Tumblr security / privacy master post
(psst — if you’re reblogging this, you might want to reblog it as text instead of as a link!)
I’m a software developer who’s relatively familiar with the Tumblr API. In the wake of the “fuckyeahreadmores” blog, I think it’d be good to spread some verifiably correct information about privacy on Tumblr.
1. If your blog is not password protected, anyone can see your posts. Period.
Blanking / obfuscating your theme does not hide your posts. They are still visible through the API, which is used by Tumblr’s mobile apps, as well as through [yourblog].tumblr.com/mobile/. The only way to hide your posts is to password protect or delete your blog.
2. Anyone can find your posts through tags containing no underscores or dashes.
To elaborate: underscores (_) and dashes (-) are coerced to spaces when searching for tags, but not when posting, so tags containing either of those characters are effectively nonexistent. It’s unlikely that Tumblr will ever change this behavior. It applies to both the web interface and the API.
Tags with forward slashes (/) are tricky. When you try to put a / in a search URL, it thinks it’s a directory separator and either ignores it or throws an error message. However, the API permits forward slashes in tag searches, so putting forward slashes in tags does not hide them.
All other ASCII symbols are valid in tag searches.
3. Anyone can reblog your non-answer posts.
The only post type that cannot be reblogged is ask / answer posts. There is no other way to stop anyone from reblogging your posts short of password protection. If you want to stop a post from being reblogged with absolute certainty, send yourself a question and put your private post in the answer.
4. Anyone can read your entire read-more posts.
This ties in with the first tip about how “anyone can see your posts”, but it’s worth mentioning separately. Even though the dashboard and [yourblog].tumblr.com/archive don’t show the whole post, the API returns the entire post, as does the URL [yourblog].tumblr.com/post/[postID]/mobile. Theme blanking does not hide your read-more posts.
5. All those times I said “anyone”? That includes blocked / ignored users.
Ignored users can still see your blog, find your posts through tag searches, reblog your non-answer posts, and read your entire read-more posts. If they are following you, your posts will not show up on their dashboard. Their likes, reblogs, and replies are hidden from your dashboard and the post’s notes, even for reblogs. This applies to everyone, including the ignored user themselves, meaning ignored users can figure out you’ve ignored them.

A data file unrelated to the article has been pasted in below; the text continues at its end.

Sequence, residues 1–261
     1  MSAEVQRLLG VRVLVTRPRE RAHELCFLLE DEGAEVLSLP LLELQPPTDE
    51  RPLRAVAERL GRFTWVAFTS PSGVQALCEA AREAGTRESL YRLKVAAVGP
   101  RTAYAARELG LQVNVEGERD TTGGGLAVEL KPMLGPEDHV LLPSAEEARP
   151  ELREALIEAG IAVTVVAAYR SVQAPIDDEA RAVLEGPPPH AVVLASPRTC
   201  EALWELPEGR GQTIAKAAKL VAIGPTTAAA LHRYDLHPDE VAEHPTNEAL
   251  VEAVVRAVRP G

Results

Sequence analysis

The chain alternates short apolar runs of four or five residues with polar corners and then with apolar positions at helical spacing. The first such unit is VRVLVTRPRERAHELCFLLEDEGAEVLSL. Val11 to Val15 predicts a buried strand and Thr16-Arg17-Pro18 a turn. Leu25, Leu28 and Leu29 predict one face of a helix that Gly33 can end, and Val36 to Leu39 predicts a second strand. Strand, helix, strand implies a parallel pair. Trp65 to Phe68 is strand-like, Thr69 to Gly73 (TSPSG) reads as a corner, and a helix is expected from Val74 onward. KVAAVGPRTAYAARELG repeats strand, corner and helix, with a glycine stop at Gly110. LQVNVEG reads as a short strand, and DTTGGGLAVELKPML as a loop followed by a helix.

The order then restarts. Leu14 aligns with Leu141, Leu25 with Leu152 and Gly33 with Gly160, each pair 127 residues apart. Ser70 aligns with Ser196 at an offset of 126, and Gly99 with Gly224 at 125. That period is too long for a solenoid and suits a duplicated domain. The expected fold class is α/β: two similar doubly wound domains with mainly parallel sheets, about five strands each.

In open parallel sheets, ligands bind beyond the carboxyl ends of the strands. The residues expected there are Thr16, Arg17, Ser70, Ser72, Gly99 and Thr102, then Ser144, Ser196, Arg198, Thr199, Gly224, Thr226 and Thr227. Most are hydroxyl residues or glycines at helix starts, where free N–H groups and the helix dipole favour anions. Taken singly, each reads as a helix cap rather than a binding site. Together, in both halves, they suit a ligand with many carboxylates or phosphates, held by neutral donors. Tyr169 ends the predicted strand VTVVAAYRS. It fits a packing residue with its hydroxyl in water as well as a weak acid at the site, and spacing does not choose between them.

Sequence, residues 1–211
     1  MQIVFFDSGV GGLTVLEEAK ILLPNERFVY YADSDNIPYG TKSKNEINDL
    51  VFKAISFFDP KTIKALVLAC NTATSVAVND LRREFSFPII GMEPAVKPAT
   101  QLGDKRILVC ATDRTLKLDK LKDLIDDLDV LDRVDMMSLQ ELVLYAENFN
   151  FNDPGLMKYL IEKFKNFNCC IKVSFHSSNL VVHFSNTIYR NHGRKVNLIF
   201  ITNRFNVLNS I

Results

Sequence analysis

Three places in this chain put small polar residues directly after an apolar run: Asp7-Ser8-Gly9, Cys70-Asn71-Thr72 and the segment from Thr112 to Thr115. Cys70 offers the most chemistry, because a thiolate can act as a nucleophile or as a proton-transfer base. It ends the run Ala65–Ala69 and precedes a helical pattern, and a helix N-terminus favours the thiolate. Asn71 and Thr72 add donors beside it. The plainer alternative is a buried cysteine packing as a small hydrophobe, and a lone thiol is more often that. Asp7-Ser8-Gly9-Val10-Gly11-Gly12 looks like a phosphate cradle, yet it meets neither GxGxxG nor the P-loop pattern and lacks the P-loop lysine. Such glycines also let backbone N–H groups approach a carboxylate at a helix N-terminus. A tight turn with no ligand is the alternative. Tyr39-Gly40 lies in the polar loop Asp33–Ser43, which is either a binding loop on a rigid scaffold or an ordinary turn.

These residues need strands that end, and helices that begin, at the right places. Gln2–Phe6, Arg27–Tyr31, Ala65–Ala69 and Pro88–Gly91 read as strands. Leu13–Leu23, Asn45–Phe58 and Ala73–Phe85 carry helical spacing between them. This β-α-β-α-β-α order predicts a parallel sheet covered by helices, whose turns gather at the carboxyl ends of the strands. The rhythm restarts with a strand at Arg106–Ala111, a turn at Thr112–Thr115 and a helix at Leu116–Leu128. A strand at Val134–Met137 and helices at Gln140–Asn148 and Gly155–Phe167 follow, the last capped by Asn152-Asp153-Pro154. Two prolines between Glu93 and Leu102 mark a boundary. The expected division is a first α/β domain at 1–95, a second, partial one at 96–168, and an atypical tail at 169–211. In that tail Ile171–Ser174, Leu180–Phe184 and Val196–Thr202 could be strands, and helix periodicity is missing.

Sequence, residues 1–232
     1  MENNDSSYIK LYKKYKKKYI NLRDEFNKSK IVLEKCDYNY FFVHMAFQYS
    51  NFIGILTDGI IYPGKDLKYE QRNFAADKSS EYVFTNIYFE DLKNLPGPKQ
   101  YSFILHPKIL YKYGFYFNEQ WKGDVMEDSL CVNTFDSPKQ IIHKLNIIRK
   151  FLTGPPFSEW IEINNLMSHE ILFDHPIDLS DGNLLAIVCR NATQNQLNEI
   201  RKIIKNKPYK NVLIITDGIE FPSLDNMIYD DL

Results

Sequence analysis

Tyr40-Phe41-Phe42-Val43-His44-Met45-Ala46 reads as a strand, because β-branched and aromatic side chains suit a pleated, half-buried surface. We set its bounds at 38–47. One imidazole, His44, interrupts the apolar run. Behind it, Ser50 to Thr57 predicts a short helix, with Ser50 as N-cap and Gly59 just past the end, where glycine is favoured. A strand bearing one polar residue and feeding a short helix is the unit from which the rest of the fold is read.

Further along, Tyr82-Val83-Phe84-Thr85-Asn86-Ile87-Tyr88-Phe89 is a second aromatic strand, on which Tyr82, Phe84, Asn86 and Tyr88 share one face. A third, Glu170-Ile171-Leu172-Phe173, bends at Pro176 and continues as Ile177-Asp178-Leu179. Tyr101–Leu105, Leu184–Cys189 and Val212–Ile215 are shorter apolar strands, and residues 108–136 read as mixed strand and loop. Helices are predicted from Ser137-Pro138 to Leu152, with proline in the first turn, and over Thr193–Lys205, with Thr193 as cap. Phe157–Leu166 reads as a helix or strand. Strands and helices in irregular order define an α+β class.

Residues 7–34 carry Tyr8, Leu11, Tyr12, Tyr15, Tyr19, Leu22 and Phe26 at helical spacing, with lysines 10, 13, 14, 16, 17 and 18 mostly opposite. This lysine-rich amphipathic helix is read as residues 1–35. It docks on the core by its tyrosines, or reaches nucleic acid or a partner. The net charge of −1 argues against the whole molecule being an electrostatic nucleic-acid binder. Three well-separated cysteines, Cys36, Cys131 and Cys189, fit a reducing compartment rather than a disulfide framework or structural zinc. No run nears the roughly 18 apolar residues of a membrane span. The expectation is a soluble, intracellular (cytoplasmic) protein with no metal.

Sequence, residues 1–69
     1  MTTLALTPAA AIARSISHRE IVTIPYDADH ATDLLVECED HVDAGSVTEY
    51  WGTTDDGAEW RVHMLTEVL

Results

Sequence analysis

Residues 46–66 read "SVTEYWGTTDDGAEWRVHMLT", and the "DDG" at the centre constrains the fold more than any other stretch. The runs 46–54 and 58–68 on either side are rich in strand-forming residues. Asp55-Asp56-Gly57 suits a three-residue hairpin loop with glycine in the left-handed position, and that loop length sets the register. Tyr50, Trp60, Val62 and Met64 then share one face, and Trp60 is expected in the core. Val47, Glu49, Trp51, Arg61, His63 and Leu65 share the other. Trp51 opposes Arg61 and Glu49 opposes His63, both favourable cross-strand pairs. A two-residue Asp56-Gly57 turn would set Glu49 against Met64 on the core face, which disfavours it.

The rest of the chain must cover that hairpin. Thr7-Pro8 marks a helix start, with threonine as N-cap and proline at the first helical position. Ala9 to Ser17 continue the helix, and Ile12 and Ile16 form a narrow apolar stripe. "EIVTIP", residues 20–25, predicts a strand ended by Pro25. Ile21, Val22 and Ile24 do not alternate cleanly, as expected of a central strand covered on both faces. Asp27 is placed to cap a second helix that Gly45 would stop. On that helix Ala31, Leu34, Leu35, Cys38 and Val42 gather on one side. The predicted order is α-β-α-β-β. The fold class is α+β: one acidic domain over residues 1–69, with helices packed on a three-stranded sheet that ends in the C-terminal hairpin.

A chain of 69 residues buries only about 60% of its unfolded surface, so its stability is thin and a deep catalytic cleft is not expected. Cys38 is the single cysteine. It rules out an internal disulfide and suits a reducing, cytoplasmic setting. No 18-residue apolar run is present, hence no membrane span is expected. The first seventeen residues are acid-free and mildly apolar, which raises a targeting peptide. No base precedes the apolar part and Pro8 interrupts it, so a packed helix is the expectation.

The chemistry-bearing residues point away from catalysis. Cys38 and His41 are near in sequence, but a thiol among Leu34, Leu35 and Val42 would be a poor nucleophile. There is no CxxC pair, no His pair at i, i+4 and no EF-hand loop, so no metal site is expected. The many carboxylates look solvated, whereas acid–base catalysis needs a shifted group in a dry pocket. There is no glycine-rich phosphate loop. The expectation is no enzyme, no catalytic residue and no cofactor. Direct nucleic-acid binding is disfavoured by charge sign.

6. Making your blog invisible to search engines does very little.
I’m not sure how popular this misconception is (I believed it for awhile), but unchecking the setting “Allow search engines to index your blog” does not make your tagged posts invisible. Anyone who is logged in can still find them through tag searches. Logged-out users will not be able to find your posts through tag searches and web crawlers will be disallowed from indexing your site, but that’s all it does, as far as I can tell.
7. Password protection fixes all of this!
Password protecting your blog is the ultimate fix for all of these problems. Your posts will be invisible to anyone who doesn’t have the password, can’t be found through tag searches, can’t be reblogged, and won’t be indexed by search engines. However, your blog also can’t be followed by anyone as long as it’s password protected, and any followers you had before enabling password protection won’t see your posts on their dashboards any longer. It’s a bittersweet solution, but it’s very thorough.
- If you want a post to be unable to be found through tags, suffix each tag with an underscore (_) or dash (-).
- If you want a post to be unable to be reblogged, post it as an answer to a dummy question.
- If you want a post to be unable to be read by everyone, post it to a password-protected blog and only send the password to people you trust.
- Read-more breaks and ignoring users are effectively snake oil.
You might want to check this post for any additions or corrections.